About My Body

(Note: soon after I started writing this this morning, I realized that it’s heavily influenced by BFP and Jess’s (Re)Thinking Walking series at Flip Flopping Joy. I’ve had a troubled relationship with walking for a few years, but their essays helped me crystallize a lot of thoughts that were amorphous, and I doubt I would have come to this essay without them.)

About five years ago, I worked as a computer services aide at a public library. Most of my job consisted of running around the main branch fixing problems and installing software. Sometimes the running around was virtual – we had a program called VNC, which allowed us to freak out librarians by manipulating their computers remotely – but more often than not, it was physical. I’d run around. Well, walk. I loved this job because it allowed me to move, exercise, be active, interact with people, hide out occasionally in the stacks with a book as software installed or there was a lull in demand. So one day I was walking around, carrying a box of floppy disks from one project to another, when on the mezzanine between two floors, I felt a sudden stabbing pain in my hip.

I stopped, stunned. I’d never felt pain like that in my life. Holy shit, was it strong! What the fuck!?

But by the time I’d even registered it, it was gone, so I kept walking. About ten minutes later, I felt it again. It was so absurd that I actually laughed out loud. It was perversely fascinating.

That day, my hip felt tender for awhile but it went away by nightfall. I didn’t even think to mention it to my boyfriend. Over the next few days, though, it started to come back gradually – not a sudden, stabbing pain anymore, but rather a sharp ache, like a cramped muscle or a joint that needed popping. It would almost reach a crisis point and then fade. I’d always had back problems, so I assumed it’d go away on its own, but it didn’t – instead, over the next few weeks, it got so bad that I began to have trouble walking. Not that I stopped walking; after all, I didn’t think anything was actually wrong. I considered myself kind of a sissy about pain. The limping? Oh, whatever, I figured everyone got that sometimes. Every day I’d walk downtown to meet my boyfriend for lunch and ignore the stabbing, aching, and squeezing that was going on around my tailbone. I’d have to stop several times to rest it and rub it (not that either had any effect). I still rode my bike. I refused to take pity on my pelvis. I kept pushing it to do whatever I felt like doing – except, as the pain got worse and worse, I began pushing it just to behave normally.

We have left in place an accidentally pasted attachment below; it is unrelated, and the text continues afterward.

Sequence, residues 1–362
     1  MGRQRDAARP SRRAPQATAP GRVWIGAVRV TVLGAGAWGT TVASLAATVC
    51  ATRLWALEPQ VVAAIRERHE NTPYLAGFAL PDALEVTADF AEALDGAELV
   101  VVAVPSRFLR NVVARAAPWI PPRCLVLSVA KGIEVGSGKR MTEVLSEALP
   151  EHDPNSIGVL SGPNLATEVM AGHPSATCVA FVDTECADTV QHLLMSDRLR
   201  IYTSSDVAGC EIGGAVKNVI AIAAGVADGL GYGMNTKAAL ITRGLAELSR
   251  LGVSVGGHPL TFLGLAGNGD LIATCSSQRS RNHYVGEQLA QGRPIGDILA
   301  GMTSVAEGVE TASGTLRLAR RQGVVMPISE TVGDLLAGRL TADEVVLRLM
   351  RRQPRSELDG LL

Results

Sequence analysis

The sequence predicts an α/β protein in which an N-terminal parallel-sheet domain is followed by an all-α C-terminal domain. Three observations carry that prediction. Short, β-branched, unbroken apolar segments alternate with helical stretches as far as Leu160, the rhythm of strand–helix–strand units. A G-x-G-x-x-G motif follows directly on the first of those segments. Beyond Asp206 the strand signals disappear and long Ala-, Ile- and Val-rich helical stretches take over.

When my boyfriend finally suggested that we go to the emergency room, we went to a hospital with a confusing parking situation and ended up parking on the street a good quarter mile away. By then, I could barely walk at all. Every step killed me and I had to lean on him for support. But what’s wild is that it didn’t occur to me for a second to just ask him to drop me off in front of the lobby. Why, when I could just walk? (Except the whole point of going to the ER was that I couldn’t walk!) So we parked and it took us about half an hour to get to the lobby. I held onto his arm and panted as I shuffled and hopped, trying to get there without putting any weight on the bad spots, which had a habit of jumping up and down, from the front to the back, and from leg to leg.

I didn’t mention that this was in a city with a high working class and impoverished population, so when we got there, there were easily fifty people waiting. I went to triage and, when they showed me the smiley-face scale and asked me to rate my pain, I told them it was a 6 usually, but a 9 at the worst moments (I thought that if I said 10 they’d assume I was exaggerating). Then a man fell out of his wheelchair and had a seizure on the floor. “It’s going to be a few hours,” the nurse said.

So I went home and tried again the next morning. Three hours. I felt bad for calling in sick. I limped through three waiting rooms, and when I finally saw a doctor, he told me that the problem wasn’t my hip, but my back, which I’d apparently sprained. He gave me a prescription for Ibuprofen, told me to ice it, and sent me home. (Later I’d receive a bill for $157, which my dad offered to pay. But there was a mix-up, and he never got the first bill or the second or the third or the notice from the collection agency, and three years later I had to find a cosigner for my apartment in grad school.)

The Ibuprofen worked… for a little while. But for the next several months, the pain was always in the background. It didn’t reach a crisis point again – I never had trouble walking – but I was always aware of my movement. There was always a tightness, a discomfort. I was bothered by it, but I didn’t bother to see a doctor. I’d sprained it. This was probably normal after a sprain.